Pollsters Find Cell Phones Hard To Reach

This story was written by Nick Hasty, Iowa State Daily


Presidential polling numbers might not be accurately representing the influence of younger voters.

Because the younger generation in America carries mainly cell phones and doesnt own land lines, pollsters have a harder time reaching them.

There have been a lot of questions raised by the media and among academics about why Obama is not way farther ahead in the polls, said Mack Shelley, Iowa State University professor of political science and statistics. You begin to worry about cell phones being the only telephonic link with younger people potentially voters. It might tend to disproportion the perception of the whole results.

The reason Shelley thinks those underrepresented may be youth and Obama supporters, or at least left-leaning, is because youth seem to be more progressive, he said. He said older people tend to be over-represented in polls because their land line use makes them a captive audience.

Its possible that the underrepresentation of younger respondents in these polls is going to underreport Obama supporters, Shelley said.

Paul Vidmar, junior in civil engineering and vice-chairperson of ISU Republicans, said he doesnt believe Obama would gain more in the polls if more cell phone users were polled.

It is just kind of a hopeful wish, Vidmar said. The polls done by land phone could also lean Obama because more than a few in the older age group are reluctant to do phone surveys, and a lot of them are leaning McCain, so, in the end each side is kind of excluded.

Vidmar said there was an Associated Press article that explained candidate preferences arent much different from land lines to cell phones.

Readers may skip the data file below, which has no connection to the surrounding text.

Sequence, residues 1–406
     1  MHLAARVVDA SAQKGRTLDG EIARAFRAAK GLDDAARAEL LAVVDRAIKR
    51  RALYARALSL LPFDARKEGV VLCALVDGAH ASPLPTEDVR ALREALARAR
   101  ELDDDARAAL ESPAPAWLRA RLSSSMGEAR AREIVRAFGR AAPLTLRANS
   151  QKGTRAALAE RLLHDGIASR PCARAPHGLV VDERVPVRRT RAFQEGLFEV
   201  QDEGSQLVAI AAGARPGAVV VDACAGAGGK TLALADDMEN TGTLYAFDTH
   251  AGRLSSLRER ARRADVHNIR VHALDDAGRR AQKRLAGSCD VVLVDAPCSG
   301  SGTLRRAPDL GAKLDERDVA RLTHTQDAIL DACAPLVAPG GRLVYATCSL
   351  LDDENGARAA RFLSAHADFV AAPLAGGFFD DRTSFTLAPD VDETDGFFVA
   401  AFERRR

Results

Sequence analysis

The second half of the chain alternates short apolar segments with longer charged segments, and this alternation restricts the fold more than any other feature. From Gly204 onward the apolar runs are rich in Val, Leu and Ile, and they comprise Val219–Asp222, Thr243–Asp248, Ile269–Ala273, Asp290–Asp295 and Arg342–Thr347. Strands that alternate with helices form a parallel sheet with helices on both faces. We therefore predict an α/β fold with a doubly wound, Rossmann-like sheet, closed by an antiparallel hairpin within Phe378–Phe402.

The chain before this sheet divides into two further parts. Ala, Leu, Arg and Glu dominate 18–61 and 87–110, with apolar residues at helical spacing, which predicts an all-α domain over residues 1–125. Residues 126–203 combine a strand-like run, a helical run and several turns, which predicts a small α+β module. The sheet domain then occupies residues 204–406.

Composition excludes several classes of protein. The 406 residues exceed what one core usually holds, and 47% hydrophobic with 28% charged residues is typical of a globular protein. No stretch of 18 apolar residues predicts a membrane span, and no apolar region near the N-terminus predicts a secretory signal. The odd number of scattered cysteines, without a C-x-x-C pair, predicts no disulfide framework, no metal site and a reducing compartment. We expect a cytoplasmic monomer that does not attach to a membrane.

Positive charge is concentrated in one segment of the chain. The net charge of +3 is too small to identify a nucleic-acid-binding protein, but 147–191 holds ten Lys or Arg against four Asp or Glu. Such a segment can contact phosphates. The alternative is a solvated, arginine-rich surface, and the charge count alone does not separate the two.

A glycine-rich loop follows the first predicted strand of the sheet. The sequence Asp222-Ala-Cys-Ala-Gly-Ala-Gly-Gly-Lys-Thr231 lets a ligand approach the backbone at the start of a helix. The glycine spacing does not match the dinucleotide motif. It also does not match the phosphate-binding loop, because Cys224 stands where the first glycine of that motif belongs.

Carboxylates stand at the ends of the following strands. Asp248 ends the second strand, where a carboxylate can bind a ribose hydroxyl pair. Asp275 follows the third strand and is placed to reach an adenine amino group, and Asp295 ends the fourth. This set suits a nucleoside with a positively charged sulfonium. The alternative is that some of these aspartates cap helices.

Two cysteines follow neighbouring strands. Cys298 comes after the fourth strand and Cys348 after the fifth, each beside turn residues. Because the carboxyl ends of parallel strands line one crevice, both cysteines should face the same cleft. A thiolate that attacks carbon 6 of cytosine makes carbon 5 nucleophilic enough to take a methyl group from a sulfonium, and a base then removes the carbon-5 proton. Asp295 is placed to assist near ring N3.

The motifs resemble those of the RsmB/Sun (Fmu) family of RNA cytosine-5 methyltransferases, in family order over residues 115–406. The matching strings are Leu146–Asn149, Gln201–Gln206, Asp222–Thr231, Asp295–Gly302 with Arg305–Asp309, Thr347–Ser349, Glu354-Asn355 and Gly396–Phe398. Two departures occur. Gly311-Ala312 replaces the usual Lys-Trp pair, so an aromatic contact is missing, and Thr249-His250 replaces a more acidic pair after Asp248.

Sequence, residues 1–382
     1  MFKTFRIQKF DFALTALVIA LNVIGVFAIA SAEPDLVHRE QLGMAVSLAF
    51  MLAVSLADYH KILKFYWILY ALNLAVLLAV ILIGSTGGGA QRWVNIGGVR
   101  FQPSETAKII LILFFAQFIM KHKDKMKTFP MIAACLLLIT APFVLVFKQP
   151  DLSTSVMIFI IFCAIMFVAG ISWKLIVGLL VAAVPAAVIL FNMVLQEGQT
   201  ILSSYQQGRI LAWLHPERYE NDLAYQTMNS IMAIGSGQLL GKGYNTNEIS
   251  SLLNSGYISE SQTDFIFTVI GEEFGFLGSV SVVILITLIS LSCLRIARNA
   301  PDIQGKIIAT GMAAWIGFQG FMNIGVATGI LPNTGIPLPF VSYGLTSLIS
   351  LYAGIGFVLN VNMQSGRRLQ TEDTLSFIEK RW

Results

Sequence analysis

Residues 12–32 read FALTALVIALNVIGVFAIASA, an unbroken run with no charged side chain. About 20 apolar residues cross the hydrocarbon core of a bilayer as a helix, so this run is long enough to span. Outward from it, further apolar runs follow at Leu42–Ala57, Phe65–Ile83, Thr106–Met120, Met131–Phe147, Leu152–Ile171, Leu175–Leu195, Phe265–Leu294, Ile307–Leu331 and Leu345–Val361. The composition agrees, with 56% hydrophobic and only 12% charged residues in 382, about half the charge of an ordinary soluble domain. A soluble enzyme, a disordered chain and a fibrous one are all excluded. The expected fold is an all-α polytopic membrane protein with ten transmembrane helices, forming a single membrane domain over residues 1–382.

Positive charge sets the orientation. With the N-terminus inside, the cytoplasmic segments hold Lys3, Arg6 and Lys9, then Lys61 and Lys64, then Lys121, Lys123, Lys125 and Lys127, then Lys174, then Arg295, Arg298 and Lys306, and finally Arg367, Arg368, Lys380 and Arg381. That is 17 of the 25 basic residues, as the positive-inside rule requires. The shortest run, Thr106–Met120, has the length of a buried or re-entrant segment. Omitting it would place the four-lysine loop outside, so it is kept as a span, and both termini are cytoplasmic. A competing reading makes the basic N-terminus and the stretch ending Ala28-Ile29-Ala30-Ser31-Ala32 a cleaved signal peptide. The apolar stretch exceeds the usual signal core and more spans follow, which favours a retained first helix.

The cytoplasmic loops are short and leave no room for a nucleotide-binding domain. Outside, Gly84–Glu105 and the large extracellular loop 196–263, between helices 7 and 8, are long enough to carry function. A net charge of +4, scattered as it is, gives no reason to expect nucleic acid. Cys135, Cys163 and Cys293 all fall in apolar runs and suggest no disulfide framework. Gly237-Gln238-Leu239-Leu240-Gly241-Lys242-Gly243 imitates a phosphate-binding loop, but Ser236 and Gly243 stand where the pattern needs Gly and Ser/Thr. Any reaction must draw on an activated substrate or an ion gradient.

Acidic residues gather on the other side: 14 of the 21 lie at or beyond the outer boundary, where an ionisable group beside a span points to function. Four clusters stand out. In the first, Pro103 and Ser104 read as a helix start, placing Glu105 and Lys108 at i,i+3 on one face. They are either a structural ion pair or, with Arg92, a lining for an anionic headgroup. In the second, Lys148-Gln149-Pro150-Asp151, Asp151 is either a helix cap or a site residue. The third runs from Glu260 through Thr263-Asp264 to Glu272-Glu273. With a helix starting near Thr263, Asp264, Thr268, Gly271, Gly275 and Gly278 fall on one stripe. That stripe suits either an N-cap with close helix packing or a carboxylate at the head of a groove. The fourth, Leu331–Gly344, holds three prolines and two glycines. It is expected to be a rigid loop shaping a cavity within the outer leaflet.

An article published by the Pew Research Center showed over three different polls with cell phone-only respondents were significantly more supportive of Obama, by 10 to 15 percentage points, than respondents in the landline sample. A September survey showed Obama led McCain by a 55 percent to 36 percent margin among cell phone-only voters, but the candidates were tied at 45 percent in the land line sample.

Shelley said although the margin of cell phone-only Obama supporters unaccounted for may be impossible to measure, the chances that Obama would be further a head in the polls is more than likely.

Shelly said cell phones are essentially harder to reach because they are not public.

Its not impossible to pick up cell phones in random bits of dialing, but its real tricky, Shelley said.

The problem may not be reaching cell phones as much as it is getting people to respond. Shelley said polling calls over cell phones turns off many potential voices.

I think its seen as kind of intrusive if somebody dials your cell and starts asking you survey questions, Shelley said. Generally because youre on the go and youve got more important stuff to do.

Some cell phone users may not even listen to polls with calls that show up as unavailable on number identification screens.

Its a different logic that works with cell phones, Shelley said.

This presents a difficult problem because youth who only have cell phones are mostly first time voters and new to the political system, Shelley said. None of these problems arise with the elderly.

The obvious connection here is cell phones and young people tend to go together; landlines and old people tend to go together, Shelley said. Its hard to find many people under 30 that dont have anything, except a cell phone.
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